Protesters call Holtec CEO’s comments on Camden workers ‘racist’

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Camden students march outside Holtec International, protesting remarks made by the company's CEO Krishna Singh that residents of the city don't know how to work. The company received $260 million in tax breaks to build its manufacturing plant in Camden. (Emma Lee/WHYY)

Camden students march outside Holtec International, protesting remarks made by the company's CEO Krishna Singh that residents of the city don't know how to work. The company received $260 million in tax breaks to build its manufacturing plant in Camden. (Emma Lee/WHYY)

About 50 protesters rallied outside Holtec International in Camden Friday in response to controversial remarks made by the CEO about the work ethic of city residents.

“I want you to know that we would have had a lot more Camden residents here today,” joked community activist Amir Khan. “But they’re at work.”

The group was angry about comments in a story published on the website ROI-NJ this week, in which Kris Singh said he was having trouble retaining employees from Camden because the impoverished South Jersey city lacks a culture of work.

“They don’t show up to work,” Singh said of Camden workers. “They can’t stand getting up in the morning and coming to work every single day. They haven’t done it, and they didn’t see their parents do it. Of course, some of them get into drugs and things. So, it’s difficult.”

Khan said the comments smacked of racial bias. “It’s a spirit of racism. And it’s creeping here throughout the city of Camden. It’s creeping throughout this whole country.”

Singh has since backpedaled, apologizing for offending people and claiming his comments were taken out of context without explaining how.

“My complete comments were not reported, but even if they were, I was perhaps not as articulate as I could have been while I was discussing my deep commitment to the city of Camden and its residents,” he said in a statement.

Singh added that Holtec was considering opening its next plant, which will produce energy storage systems, in Camden. “We are extremely proud to be part of Camden’s renaissance,” he said.

Holtec CEO Krishna Singh speaks during a ceremony at the company’s Camden plant in 2016. (Emma Lee/WHYY)

The CEO’s comments were also met with swift opposition from city leaders, who held their own press conference Friday at Camden City Hall, criticizing what they characterized as an attack on city residents.

“This is a warning to anyone that wishes to diss my city,” said Camden Mayor Frank Moran. “We will not tolerate anyone speaking down to my city.”

Protesters also blasted U.S. Rep. Donald Norcross, whom they claimed compared Camden workers to children in the same ROI-NJ story.

“When you stop to think about it, I say children are that one asset that you can’t blame them for anything,” the Democrat told ROI-NJ. “Same thing goes for people who have not had a structure that taught them.”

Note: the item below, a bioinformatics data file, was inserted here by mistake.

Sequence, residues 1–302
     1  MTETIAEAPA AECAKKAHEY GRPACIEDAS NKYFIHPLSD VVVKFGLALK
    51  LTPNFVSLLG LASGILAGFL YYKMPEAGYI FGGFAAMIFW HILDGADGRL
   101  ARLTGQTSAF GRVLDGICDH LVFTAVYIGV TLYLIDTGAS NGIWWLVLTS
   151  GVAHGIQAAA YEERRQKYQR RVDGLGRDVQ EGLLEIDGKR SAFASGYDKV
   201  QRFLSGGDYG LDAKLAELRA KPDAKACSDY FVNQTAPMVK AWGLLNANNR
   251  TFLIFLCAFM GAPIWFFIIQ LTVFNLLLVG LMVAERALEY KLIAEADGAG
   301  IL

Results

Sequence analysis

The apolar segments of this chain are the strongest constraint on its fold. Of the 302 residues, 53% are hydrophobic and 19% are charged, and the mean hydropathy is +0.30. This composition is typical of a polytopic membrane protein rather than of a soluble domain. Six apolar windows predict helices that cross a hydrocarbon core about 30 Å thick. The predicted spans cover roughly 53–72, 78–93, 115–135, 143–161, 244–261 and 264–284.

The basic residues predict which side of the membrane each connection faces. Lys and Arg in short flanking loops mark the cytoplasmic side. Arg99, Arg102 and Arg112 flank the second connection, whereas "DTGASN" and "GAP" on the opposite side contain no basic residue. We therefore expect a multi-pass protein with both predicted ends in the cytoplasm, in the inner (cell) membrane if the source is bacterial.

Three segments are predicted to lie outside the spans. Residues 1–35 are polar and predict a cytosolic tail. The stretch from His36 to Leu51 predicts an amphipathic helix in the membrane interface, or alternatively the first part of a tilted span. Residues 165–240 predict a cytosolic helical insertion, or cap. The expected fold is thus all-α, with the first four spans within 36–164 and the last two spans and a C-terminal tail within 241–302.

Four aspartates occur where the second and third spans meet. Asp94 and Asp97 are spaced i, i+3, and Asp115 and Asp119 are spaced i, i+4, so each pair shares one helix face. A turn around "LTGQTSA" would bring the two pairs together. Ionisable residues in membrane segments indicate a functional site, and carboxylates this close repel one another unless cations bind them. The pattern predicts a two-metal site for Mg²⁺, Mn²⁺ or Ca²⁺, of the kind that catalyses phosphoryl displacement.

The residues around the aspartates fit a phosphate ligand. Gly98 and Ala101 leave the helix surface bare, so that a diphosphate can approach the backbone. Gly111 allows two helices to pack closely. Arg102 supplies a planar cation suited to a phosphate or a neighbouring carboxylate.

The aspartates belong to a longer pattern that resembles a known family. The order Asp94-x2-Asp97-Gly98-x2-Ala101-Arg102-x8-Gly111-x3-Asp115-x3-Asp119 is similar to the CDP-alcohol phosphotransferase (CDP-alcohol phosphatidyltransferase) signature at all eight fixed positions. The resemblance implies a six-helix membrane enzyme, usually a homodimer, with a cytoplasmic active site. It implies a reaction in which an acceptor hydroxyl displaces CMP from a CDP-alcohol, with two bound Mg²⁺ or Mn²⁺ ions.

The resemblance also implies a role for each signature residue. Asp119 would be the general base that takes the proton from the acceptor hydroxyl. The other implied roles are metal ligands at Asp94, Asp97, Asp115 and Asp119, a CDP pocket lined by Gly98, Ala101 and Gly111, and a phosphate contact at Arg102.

Yet at the City Hall press conference, Moran and a half dozen other local leaders vouched for Norcross’ character and praised the work he has done in Camden, where he lives. The two-term congressman also announced that he would be organizing a summit on jobs and career training in Camden next week.

Camden Mayor Frank Moran issues a statement slamming remarks made by Holtec CEO Krishna Singh, but expresses his willingness to keep working with the company to provide jobs for Camden residents. (Emma Lee/WHYY)

Holtec was once seen as a hero in the struggling city. In 2014, the company received a $260 million tax break through the state’s Grow NJ program, which offers tax incentives to businesses that build facilities and create jobs in New Jersey.

The incentive given to Holtec was one of the largest tax breaks New Jersey has ever awarded.

In return, Holtec was required to build a factory, move 160 current employees from Marlton to Camden, and create 250 new jobs.

Although the company vowed to hire Camden residents for the new positions in its factory, the state did not mandate that any of the new hires live in the city.

Local activists were immediately skeptical that Holtec would employ Camden residents despite repeated public promises by company officials.

“The only people I see working there are suburbanites,” Kelly Francis, a Camden resident and the former president of the local chapter of the NAACP, said at the time. “But these are the promises they make in order to get a foothold.”

A 2016 survey by the Federal Reserve Bank of Philadelphia noted that while Camden had a large population of low-skilled workers, many of the state tax breaks were going to companies in Camden that needed skilled employees, such as Holtec. “This lack of alignment with available workforce will leave few parcels of land available for the development of firms with entry level, low-skilled labor jobs,” the report said.

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